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    You are in: Home / Cookbooks / Breads: Bread as a Magic Carpet
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    110 recipes in

    Breads: Bread as a Magic Carpet

    [Cover photo by kiwidutch... .] Breads from cuisines around the world.
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    From Istanbul originally, this recipe appears in "A Blessing of Bread" by Maggie Glezer. Perfect with a cup of coffee or tea. The 4-hr time indicated is really from start to finish. There is probably about 30-45 minutes of active work during that time, depending on how quick you are.

    Recipe #276418

    This bread is from Bernard Clayton's Complete Book of Breads. According to the book, this recipe originated in 1859 from a baker named Robbie Douglas, in the Scottish town of Selkirk, near Edinburgh. Looks like one for raisin lovers! Submitting for Zaar World Tour III - I confess I have not made this one yet, but will try to do so soon.

    Recipe #231108

    This naan is from the New Vegetarian Epicure. With just four ingredients and no yeast, it is simple to mix up, but it is so soft and flavorful I figured I'd add it to the many recipes already posted. Prep time does not include 1 hour of "resting."

    Recipe #203261

    Great with a cup of black coffee. This is my friend's grandmother's recipe. Mixed peel is the candied peel of various fruit. Use candied orange peel or candied papaya peel or a combination of the two.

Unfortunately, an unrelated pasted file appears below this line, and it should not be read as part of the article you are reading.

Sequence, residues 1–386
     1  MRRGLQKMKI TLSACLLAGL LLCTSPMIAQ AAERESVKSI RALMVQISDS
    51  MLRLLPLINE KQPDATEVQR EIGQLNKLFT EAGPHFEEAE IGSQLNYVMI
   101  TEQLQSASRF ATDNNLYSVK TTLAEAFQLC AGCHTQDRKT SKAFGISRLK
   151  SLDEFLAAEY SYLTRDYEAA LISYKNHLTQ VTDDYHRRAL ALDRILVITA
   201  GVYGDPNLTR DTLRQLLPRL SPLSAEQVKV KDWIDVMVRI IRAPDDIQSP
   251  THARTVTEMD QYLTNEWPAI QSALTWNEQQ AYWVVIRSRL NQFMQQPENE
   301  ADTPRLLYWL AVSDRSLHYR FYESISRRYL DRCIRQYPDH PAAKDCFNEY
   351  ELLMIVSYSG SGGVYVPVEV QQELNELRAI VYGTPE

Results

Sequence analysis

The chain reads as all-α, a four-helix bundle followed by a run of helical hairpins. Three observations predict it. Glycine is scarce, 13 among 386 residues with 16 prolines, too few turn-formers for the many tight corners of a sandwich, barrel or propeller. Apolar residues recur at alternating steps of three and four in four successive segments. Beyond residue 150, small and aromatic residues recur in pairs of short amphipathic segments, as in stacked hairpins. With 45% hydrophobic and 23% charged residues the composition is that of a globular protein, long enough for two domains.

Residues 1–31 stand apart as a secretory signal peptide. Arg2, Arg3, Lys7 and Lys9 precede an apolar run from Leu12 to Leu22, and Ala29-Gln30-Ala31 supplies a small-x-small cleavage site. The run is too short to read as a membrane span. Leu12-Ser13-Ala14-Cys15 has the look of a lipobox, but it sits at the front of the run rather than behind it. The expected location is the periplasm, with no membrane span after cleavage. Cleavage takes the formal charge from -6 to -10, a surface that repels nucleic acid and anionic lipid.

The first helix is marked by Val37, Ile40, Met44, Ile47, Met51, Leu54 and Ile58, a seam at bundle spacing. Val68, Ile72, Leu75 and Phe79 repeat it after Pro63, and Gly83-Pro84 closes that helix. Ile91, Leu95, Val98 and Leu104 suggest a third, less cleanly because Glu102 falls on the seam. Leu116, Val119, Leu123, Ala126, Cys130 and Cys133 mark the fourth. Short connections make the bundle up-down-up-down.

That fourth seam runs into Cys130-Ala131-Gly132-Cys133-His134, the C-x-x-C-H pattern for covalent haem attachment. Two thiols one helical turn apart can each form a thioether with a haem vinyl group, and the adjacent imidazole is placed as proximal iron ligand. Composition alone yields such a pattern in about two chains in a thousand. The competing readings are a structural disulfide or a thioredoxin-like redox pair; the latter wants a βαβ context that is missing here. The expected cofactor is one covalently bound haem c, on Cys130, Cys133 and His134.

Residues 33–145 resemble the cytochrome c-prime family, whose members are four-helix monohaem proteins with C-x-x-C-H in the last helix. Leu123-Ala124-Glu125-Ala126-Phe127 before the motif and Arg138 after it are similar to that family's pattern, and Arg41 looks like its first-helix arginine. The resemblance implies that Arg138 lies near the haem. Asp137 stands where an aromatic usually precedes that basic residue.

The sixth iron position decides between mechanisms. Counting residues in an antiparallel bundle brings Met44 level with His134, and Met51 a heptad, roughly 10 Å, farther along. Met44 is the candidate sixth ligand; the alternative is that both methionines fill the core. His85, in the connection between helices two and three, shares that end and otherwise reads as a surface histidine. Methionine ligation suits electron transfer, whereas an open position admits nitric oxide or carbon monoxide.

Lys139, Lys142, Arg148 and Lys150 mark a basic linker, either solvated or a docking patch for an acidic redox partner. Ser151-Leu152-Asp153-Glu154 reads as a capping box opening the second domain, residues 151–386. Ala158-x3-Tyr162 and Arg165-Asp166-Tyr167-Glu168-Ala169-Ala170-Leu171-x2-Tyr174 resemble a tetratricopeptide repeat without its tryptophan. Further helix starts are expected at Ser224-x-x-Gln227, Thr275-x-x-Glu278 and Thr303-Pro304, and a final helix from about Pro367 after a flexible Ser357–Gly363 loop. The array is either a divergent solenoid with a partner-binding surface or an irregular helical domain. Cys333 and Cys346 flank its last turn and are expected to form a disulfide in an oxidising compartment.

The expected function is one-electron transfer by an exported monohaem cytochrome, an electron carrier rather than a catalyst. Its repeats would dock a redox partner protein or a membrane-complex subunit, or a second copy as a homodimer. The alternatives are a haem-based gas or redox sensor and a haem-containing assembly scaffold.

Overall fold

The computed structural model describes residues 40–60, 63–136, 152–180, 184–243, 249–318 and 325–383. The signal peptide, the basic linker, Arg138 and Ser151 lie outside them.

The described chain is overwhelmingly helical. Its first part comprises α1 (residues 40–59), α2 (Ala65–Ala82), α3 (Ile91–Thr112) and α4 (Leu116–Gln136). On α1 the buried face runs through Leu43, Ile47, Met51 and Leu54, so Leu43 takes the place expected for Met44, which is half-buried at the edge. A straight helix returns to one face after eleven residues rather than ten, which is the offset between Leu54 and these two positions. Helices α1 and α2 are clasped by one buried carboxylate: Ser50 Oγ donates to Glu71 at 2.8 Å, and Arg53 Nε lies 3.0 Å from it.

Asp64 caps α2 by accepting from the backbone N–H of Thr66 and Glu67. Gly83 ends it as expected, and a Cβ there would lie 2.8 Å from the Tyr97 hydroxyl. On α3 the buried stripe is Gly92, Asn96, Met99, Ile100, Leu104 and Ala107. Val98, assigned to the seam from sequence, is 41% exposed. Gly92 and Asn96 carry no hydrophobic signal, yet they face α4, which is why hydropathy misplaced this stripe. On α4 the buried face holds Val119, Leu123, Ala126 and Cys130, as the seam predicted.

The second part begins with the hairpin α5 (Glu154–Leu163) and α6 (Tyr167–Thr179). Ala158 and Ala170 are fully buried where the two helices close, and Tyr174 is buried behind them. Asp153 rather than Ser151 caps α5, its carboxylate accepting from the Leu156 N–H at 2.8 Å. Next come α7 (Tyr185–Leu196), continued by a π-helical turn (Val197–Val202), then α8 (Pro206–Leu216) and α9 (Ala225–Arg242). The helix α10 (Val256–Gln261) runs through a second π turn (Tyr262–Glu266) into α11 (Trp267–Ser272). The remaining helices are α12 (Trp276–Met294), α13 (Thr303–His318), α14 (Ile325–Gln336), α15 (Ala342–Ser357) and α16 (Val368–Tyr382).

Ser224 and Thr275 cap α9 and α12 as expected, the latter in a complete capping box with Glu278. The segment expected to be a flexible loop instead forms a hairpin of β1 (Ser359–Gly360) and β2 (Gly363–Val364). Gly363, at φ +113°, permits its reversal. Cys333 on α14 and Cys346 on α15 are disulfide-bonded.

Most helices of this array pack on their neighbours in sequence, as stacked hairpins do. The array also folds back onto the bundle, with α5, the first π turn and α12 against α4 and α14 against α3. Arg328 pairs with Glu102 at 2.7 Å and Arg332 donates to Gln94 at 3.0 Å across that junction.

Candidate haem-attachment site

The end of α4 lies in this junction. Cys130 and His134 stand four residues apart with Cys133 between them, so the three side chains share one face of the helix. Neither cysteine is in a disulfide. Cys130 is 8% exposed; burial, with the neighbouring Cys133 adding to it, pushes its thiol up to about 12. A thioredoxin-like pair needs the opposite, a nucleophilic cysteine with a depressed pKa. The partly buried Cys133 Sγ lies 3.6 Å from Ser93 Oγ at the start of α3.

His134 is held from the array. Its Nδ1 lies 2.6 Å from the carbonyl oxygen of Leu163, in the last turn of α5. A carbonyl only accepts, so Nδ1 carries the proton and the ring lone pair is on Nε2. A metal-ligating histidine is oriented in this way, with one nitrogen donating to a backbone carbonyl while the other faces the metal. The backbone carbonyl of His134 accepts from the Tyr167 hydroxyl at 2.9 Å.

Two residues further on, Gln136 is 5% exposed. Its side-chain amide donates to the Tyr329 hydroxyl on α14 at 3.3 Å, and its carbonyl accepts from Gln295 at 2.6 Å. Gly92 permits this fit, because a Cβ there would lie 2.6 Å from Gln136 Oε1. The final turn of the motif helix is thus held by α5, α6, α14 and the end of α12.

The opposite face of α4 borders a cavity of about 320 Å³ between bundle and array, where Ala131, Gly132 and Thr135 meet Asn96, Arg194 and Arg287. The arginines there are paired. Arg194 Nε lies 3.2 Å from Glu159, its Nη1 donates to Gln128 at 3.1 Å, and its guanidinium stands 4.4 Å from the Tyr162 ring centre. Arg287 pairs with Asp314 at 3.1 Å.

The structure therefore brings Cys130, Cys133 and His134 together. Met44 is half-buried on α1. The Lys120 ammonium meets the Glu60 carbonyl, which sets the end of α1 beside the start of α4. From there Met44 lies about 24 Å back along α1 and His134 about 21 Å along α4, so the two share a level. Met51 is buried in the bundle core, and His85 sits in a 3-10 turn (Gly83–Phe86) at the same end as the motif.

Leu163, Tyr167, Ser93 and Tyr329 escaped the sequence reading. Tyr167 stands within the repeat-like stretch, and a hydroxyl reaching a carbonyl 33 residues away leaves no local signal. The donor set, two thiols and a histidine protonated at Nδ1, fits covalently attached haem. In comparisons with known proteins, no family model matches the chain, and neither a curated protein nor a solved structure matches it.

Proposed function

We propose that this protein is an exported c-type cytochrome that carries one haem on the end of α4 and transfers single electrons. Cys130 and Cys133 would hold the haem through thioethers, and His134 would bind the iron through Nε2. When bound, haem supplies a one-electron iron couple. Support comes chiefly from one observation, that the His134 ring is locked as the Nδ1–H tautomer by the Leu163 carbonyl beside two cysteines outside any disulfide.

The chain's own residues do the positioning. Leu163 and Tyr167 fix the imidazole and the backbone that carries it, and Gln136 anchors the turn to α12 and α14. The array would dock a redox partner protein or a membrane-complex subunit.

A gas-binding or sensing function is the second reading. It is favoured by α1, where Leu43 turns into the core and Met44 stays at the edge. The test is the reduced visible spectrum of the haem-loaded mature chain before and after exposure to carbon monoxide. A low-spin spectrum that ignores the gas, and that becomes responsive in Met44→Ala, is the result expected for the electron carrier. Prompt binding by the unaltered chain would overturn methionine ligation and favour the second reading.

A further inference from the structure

Recipe #190905

    My son has been making tortillas for several years. This is his 'tweaked' Joy of Cooking recipe. So much better than store bought tortillas!

    Recipe #180143

    1 Reviews |  By Rita~

    18th century recipe for exotic, eastern spicy bread. Mulot au Petitjean is an old fashioned shop in Dijon that specialises in Spice bread. The Mulot family have been producing this bread on the same site since 1838 and is the only spice bread producer left. Recipe courtesy of Anne Willian tweeked. TAKE NOTE: that the spice bread should be slightly under baked so it is soft in the middle and has not started to shrink from the sides of the pan. Let the breads cool and then turn them out.

    Recipe #176828

    This is a common recipe here in Newfoundland. There's nothing like homemade raisin bread. I got this recipe from Newfoundland site. It did not call for cinnamon, but raisin bread is not the same without the cinnamon.The recipe says it makes 3 loaves but I think it could make 4.Making 3 tends to yield large loaves.

    Recipe #168819

    This is a very delicious bread my ex gf who is Mayan/Mexican had this recipe from her mother who got it from her great grandma who was Mayan:) anyways this is very delicious:) I hope you enjoy it as much as I did

    Recipe #164868

    1 Reviews |  By Mrs B